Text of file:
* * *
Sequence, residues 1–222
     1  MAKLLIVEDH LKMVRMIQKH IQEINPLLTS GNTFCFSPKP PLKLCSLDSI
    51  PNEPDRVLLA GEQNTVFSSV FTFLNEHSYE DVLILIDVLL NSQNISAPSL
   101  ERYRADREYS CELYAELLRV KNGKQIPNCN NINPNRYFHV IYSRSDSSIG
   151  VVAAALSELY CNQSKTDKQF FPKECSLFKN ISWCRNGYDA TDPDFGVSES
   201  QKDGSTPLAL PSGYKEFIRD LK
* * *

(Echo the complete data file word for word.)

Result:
Sequence, residues 1–222
     1  MAKLLIVEDH LKMVRMIQKH IQEINPLLTS GNTFCFSPKP PLKLCSLDSI
    51  PNEPDRVLLA GEQNTVFSSV FTFLNEHSYE DVLILIDVLL NSQNISAPSL
   101  ERYRADREYS CELYAELLRV KNGKQIPNCN NINPNRYFHV IYSRSDSSIG
   151  VVAAALSELY CNQSKTDKQF FPKECSLFKN ISWCRNGYDA TDPDFGVSES
   201  QKDGSTPLAL PSGYKEFIRD LK